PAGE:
In 2016 EnCase Enterprise needed a face lift and the distributed agent (formerly referred to as servlet) was given more abilities with the redesign into EnCase Endpoint Investigator. Also in 2016 the release of EnCase Risk Manager for data risk assessment, audit, DLP-like services, and compliance.

In 2017 Guidance Software was acquired by OpenText, and the company name 'Guidance Software' is no longer used.

EnCase Product Line[edit]

EnCase technology is available within a number of products, currently including: EnCase Forensic, EnCase Endpoint Investigator, EnCase eDiscovery (which includes EnCase Legal Hold), EnCase Endpoint Security and EnCase Portable.[3] Guidance Software also runs training courses from Foundations in Computer Forensics, to several expert series courses to include an EnScripting course to automate various functions within EnCase. Further, certification os offered to train toward and prove knowledge within various fields to include EnCE (EnCase Certified Examiner), EnCEP (EnCase Certified eDiscovery Practitioner), CFSR (Certified Forensic Security Responder). The EnCase training team have trained over 100000 individuals to date.[4]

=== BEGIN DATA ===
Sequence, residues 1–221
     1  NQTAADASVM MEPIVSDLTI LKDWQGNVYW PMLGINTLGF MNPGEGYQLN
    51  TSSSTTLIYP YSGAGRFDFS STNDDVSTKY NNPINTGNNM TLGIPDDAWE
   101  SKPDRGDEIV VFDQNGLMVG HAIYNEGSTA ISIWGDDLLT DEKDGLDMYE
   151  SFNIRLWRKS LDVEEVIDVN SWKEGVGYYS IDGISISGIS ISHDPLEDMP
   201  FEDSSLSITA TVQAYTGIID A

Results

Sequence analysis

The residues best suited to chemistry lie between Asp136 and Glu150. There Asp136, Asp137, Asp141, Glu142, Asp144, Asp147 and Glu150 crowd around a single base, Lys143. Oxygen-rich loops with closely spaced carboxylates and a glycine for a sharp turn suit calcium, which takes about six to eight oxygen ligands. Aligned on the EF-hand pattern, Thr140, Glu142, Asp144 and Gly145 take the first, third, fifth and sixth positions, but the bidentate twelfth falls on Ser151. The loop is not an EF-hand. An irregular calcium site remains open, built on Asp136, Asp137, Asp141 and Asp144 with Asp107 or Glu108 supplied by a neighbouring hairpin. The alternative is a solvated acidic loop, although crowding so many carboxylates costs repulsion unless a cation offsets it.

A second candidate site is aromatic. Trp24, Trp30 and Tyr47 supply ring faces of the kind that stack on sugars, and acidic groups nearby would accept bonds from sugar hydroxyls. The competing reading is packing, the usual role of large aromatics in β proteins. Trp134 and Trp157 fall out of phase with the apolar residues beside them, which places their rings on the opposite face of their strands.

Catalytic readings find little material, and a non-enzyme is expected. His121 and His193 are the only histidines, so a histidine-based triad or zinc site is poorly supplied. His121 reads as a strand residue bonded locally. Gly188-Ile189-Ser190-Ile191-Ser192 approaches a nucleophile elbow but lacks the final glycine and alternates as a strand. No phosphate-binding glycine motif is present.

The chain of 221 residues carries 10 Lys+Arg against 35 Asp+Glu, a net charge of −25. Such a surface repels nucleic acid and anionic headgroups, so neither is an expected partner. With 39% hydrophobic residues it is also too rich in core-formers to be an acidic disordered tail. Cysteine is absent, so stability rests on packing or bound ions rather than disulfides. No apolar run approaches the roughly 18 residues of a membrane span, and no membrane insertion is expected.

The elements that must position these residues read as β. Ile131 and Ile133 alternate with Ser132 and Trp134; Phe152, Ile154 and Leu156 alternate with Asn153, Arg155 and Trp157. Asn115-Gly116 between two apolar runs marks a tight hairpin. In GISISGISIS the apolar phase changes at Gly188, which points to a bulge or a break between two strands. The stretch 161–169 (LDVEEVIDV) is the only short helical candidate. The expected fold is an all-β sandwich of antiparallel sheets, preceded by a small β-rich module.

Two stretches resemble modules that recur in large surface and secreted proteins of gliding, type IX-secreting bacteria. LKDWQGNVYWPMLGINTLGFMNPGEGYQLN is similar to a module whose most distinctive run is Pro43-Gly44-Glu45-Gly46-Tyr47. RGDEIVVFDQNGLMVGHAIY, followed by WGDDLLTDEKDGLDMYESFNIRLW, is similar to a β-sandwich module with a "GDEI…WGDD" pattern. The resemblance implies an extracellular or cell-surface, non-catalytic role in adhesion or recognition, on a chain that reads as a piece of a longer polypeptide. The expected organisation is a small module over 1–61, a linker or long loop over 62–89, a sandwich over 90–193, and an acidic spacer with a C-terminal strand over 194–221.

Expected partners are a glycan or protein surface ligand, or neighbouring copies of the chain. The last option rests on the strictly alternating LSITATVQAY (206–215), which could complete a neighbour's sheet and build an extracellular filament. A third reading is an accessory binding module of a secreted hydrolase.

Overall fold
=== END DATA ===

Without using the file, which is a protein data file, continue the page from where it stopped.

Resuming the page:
EnCase contains tools for several areas of the digital forensic process; acquisition, analysis and reporting. The software also includes a scripting facility called EnScript with various API's for interacting with evidence.

Expert Witness File Format[edit]

EnCase contains functionality to create forensic images of suspect media. Images are stored in proprietary Expert Witness File format; the compressible file format is prefixed with case data information and consists of a bit-by-bit (i.e. exact) copy of the media inter-spaced with CRC hashes for every 64K of data. The file format also appends an MD5 hash of the entire drive as a footer.[5]

Mobile forensics[edit]

As of EnCase V7, Mobile Phone Analysis is possible with the addition some add-ons available from Guidance Software.[6]


  1. ^Taub, Eric A. (2006-04-05). 'Deleting may be easy, but your hard drive still tells all'. New York Times. Retrieved 2009-01-11.
  2. ^Dillon, Jeff, and Steve Perez. 'Prosecutor hammers away at computer forensic expert; Dad's patron describes Brenda's propositions,'Archived 2014-07-14 at the Wayback Machine San Diego Union-Tribune, July 3, 2002.
  3. ^url=http://www.guidancesoftware.com/' 11 October 2012
  4. ^url='http://itbriefing.net/modules.php?op=modload&name=News&file=article&sid=328379[permanent dead link]' 11 October 2012
  5. ^Martin S. Olivier, Sujeet Shenoi, ed. (2006). Advances in digital forensics II. Springer. ISBN0-387-36890-6. Retrieved 31 August 2010.
  6. ^GuidanceSoftware. 'EnCase Forensic V7'. GuidanceSoftware. Retrieved 13 April 2012.

Further reading[edit]

  • Garber, Lee. 'EnCase: A Case Study in Computer-Forensic Technology'(PDF). IEEE Computer Society. Retrieved 10 November 2010.

External links[edit]

Retrieved from 'https://en.wikipedia.org/w/index.php?title=EnCase&oldid=929847114'
Encase Computer Forensics I Manual By Guidance Software Phone